ACKNOWLEDGMENTS The Collaborative Longitudinal Evaluation of Keratoconus (CLEK) Study is supported by the National Eye Institute/National Institutes of Health, grants EY10419, EY10069, EY10077, EY 12,656, and EY02687 and NEI Core grant EY 1792 (UIC). It also was supported by Conforma Contact Lenses, Paragon Vision Sciences, CIBA Vision Corporation, and the Ohio Lions Eye Research Foundation. This study was additionally supported by an unrestricted grant from Research to Prevent Blindness, New York, NY (UIC). The CLEK Study Group (as of June 2004) Clinical Centers University of Alabama at Birmingham School of Optometry, Birmingham, Alabama: William J. “Joe” Benjamin, OD, PhD (Principal Investigator); Carol Rosenstiel, OD (Co-Investigator); Maria S. Voce (Study Coordinator); Brian Marshall, OD (Co-Investigator, 1994 –1995); and C. Denise Pensyl, OD MS (Co-Investigator, 1994 –2000). University of California, Berkeley School of Optometry, Berkeley, California: Nina E. Friedman, OD, MS (Principal Investigator); Dennis S. Burger, OD (Co-Investigator); Kelly A. McCann, MFA (Administrative Assistant); Pamela Qualley, MA (Study Coordinator, 1994 –2001); and Karla Zadnik, OD, PhD (Principal Investigator, 1994 –1996). University Hospitals of Cleveland and Case Western Reserve University, Department of Ophthalmology, Cleveland, Ohio: Loretta B. Szczotka, OD, MS (Principal Investigator); Beth Ann Benetz, MA (Photographer); Ellen Burnside (Photographer); Stephanie Burke (Backup Photographer); Janet Edgerton, COT (Technician); Patricia Kane (Backup Photographer); Jonathan H. Lass, MD (Co-Investigator); Kimberly L. Schach (Study Coordinator); Stephanie M. Shaffer, MA (Study Coordinator); Pamela A. Smith (Technician, 1999 –2002); Thomas Stokkermans, OD, PhD (Co-Investigator); Kimberly D. Supp (Technician, 1994 –1999); Bonita Darby (Study Coordinator, 1994 –1996); Ellen M. Stewart (Photographer, 1995–1997); and Laura A. Teutsch (Technician, 1995–1999). Gundersen Lutheran, La Crosse, Wisconsin: John L. Sterling, OD (Principal Investigator); Thomas M. Edwards, OD (Co-Investigator); Janet M. Hess (Study Coordinator/Technician); John D. Larson, OD (Co-Investigator); Jill A. Nelson (Study Coordinator/Technician); John M. Sake (Photographer); Lorna J. Plenge (Technician, 1995–2001); and Eric M. Sheahan (Photographer, 1995–1999). University of Illinois at Chicago Department of Ophthalmology, Chicago, Illinois: Timothy T. McMahon, OD (Principal Investigator); S. Barry Eiden, OD (Co-Investigator); Charlotte E. Joslin, OD (Co-Investigator); Tina M. Laureano (Study Coordinator); George A. Rosas (Technician); Brenda Smith (Technician); Tim Ehrecke (Photographer, 1994 –1995); Mildred Santana (Technician, 1997); and Jamie L. Brahmbatt (Study Coordinator, 1994 –2000).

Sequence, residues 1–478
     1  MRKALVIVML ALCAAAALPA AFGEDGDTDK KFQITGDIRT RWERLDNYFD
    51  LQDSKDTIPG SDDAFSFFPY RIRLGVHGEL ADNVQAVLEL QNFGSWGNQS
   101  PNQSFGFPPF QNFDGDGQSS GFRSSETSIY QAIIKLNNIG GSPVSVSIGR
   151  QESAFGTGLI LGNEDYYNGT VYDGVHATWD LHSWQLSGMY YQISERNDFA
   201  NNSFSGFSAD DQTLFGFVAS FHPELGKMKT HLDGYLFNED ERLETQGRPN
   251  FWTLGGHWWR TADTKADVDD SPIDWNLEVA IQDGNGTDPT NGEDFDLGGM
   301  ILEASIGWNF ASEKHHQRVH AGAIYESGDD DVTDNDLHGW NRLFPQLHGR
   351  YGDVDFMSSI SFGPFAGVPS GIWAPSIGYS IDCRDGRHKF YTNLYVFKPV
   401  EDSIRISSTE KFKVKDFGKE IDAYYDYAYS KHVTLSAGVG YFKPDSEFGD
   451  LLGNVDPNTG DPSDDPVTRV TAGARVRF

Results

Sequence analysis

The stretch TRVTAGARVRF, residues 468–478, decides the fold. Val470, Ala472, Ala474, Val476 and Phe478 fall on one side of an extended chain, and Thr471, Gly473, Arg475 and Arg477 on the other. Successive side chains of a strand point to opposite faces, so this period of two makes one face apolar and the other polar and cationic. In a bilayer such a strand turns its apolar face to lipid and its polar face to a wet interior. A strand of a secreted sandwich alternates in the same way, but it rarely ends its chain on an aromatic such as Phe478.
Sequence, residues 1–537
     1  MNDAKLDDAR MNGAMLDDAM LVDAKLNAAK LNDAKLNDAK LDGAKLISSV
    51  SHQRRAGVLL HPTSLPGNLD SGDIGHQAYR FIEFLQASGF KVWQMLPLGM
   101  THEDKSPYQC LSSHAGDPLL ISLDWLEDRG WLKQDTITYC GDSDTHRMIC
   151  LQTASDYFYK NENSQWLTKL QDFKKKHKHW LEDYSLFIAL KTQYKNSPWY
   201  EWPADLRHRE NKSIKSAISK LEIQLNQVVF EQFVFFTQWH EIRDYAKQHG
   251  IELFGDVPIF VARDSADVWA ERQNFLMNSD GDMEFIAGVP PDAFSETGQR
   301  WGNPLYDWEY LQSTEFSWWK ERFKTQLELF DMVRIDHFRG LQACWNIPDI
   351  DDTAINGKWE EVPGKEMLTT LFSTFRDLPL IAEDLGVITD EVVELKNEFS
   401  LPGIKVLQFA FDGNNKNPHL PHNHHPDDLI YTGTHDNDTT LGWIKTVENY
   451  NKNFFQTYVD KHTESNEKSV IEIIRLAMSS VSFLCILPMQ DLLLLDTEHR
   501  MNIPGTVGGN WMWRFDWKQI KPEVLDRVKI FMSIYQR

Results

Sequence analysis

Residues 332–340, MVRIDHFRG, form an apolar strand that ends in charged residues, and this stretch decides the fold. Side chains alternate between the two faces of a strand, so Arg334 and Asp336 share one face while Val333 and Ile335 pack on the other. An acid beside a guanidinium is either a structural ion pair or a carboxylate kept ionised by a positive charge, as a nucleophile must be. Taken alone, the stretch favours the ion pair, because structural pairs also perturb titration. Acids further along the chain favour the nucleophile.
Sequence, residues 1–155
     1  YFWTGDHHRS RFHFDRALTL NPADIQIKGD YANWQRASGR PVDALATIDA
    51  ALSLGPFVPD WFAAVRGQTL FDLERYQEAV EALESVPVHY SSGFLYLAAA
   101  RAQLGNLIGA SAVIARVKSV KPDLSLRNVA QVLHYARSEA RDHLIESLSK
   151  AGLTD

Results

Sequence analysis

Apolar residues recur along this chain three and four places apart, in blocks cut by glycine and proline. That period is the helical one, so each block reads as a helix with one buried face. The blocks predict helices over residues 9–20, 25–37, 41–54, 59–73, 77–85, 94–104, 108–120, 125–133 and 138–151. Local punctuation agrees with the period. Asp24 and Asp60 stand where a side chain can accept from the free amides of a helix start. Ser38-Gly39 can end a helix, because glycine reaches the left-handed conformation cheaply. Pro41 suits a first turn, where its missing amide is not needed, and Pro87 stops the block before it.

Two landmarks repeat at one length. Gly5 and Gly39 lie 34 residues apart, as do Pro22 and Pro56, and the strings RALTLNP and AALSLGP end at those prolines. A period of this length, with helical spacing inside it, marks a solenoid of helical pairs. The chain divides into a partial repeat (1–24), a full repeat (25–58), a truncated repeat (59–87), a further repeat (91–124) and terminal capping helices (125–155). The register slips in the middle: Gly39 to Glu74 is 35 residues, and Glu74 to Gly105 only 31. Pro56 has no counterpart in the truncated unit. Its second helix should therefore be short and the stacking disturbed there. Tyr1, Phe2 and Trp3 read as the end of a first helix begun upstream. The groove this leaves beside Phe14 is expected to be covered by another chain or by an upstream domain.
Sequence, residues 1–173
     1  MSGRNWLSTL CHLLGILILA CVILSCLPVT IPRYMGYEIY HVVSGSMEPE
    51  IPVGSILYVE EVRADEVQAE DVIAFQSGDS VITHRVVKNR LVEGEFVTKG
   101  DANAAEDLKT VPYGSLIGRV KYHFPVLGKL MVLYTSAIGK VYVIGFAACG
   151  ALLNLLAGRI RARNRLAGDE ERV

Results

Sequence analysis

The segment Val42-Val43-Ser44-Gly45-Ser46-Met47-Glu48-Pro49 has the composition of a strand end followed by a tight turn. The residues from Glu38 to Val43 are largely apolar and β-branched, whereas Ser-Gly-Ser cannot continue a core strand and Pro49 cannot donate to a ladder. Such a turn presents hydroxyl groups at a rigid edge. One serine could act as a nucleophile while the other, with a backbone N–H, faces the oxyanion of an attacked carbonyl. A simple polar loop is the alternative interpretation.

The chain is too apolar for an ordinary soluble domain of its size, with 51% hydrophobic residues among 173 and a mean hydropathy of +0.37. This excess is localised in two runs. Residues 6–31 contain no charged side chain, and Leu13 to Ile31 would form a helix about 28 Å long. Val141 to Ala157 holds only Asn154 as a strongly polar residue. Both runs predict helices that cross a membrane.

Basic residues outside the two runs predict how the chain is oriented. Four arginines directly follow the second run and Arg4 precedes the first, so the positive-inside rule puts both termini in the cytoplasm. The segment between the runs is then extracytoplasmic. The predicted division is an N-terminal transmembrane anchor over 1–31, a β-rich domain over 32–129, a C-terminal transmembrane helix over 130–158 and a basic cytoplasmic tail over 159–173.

Indiana University School of Optometry, Bloomington, Indiana, and Indianapolis Eye Care Center, Indianapolis, Indiana: Colleen Riley, OD, MS (Principal Investigator); Gerald E. Lowther, OD, PhD (Co-Investigator); Carolyn G. Begley, OD, MS (Co-Investigator); Donna K. Carter (Study Coordinator/Technician); Nikole L. Himebaugh, OD (Co-Investigator); Pete S. Kollbaum, OD (Co-Investigator); Stephanie K. Sims (Backup Study Coordinator); and Lee M. Wagoner, MHA (Study Coordinator, 1996 –2000). Jules Stein Eye Institute UCLA, Los Angeles, California: Barry A. Weissman, OD, PhD (Principal Investigator); Lilian L. Andaya (Study Coordinator); Doris M. Boudaie, OD (Co-Investigator); Melissa W. Chun, OD (Co-Investigator); Ronit Englanoff, OD (Co-Investigator); Elisabeth T. Lim (Technician); Louis Rosenberg, OD (Co-Investigator); Lisa A. Barnhart, OD (Co-Investigator, 1995–2001); and Karen K. Yeung, OD (Co-Investigator, 1999 –2001). University of Missouri–St. Louis College of Optometry, St. Louis, Missouri: Larry J. Davis, OD (Principal Investigator); Edward S. Bennett, OD, MSEd (Co-Investigator); Beth A. Henderson, OD (Co-Investigator); Ivetta Siedlecki, OD (Co-Investigator); Patricia Sanders, BS (Study Coordinator); Bruce W. Morgan, OD (Co-Investigator, 2000 – 2003); Janene R. Sims, OD (Co-Investigator, 2001–2003); Zansheree L. Blue (Study Coordinator, 2000 –2001); Monica J. Harris, OD (Co-Investigator, 2000 –2001); Amber A. Reeves, MA (Study Coordinator, 1998 –2000); and Nancy M. Duquette (Study Coordinator, 1995–1998). (Principal Investigator), Edward S. Bennett, OD, MSEd (Co-Investigator); Beth A. Henderson, OD (Co-Investigator); Bruce W. Morgan, OD (Co-Investigator); Patricia Sanders, BS (Study Coordinator); Janene R. Sims, OD (Co-Investigator); Zansheree L. Blue (Study Coordinator, 2000 –2001); Monica J. Harris, OD (Co-Investigator, 2000 –2001); Amber A. Reeves, MA (Study Coordinator, 1998 –2000); and Nancy M. Duquette (Study Coordinator, 1995–1998). State University of New York State College of Optometry, New York, NY: David P. Libassi, OD (Principal Investigator); and Ralph E. Gundel, OD (Co-Investigator). Northeastern Eye Institute, Scranton, Pennsylvania: Joseph P. Shovlin, OD (Principal Investigator); John W. Boyle, OD (Co-Investigator); J. Bradley Flickinger, OD (Co-Investigator); M. Elizabeth Flickinger, OD (Co-Investigator); Stephen C. Gushue (Photographer); Patricia McMasters (Study Coordinator); Cheryl Haefele (Study Coordinator, 1994 –2000); and Stephen E. Pascucci, MD (Medical Monitor). Nova Southeastern University College of Optometry, Ft. Lauderdale, Florida: Heidi Wagner, OD (Principal Investigator); Andrea M. Janoff, OD (Co-Investigator); Chris Woodruff, OD (Photographer); Arnie Patrick, OD (Study Coordinator); Julie A. Tyler, OD (Study Coordinator); and Karla E. Rumsey, OD (Co-Investigator, 1995). The Ohio State University College of Optometry, Columbus, Ohio: Barbara A. Fink, OD, PhD (Principal Investigator); Lindsay Florkey (Study Coordinator); Gregory J. Nixon, OD (Co-Investigator); Jason J. Nichols, OD, MS (Co-Investigator, Coordinator, 1996 –2001); Susan L. Sabers, OD (Study Coordinator, 1994 –1996); and Lisa Badowski, OD, MS (Co-Investigator, 1995–1996). Pennsylvania College of Optometry, Philadelphia, Pennsylvania: Joel A. Silbert, OD (Principal Investigator); Kenneth M. Daniels, OD (Co-Investigator); David T. Gubman, OD, MS (Co-Investigator, 1998 –2000); Mary Jameson (Backup Study Coordinator); and Theresa Sanogo (Study Coordinator). Southern California College of Optometry, Fullerton, California: Julie Yu, OD (Principal Investigator); Raymond H. Chu, OD (Co-Investigator); Timothy B. Edrington, OD, MS (Co-Investigator, Principal Investigator, 1994 –2002); Eunice Myung, OD (Co-Investigator); Julie A. Schornack, OD, MEd (Co-Investigator); and Terry Y. Tsang, OD (Co-Investigator, 1998 –2000). University of Utah, John Moran Eye Center, Department of Ophthalmology, Salt Lake City, Utah: Harald E. Olafsson, OD (Principal Investigator); Doug M. Blanchard (Photographer); Deborah Y. Harrison, MS (Study Coordinator); Mark McKay, OD (Co-Investigator); Paula F. Morris (Photographer); Kim Wegner (Study Coordinator/Technician); Libbi A. Tracy, OD (Co-Investigator, 1995–1998); Kate M. Landro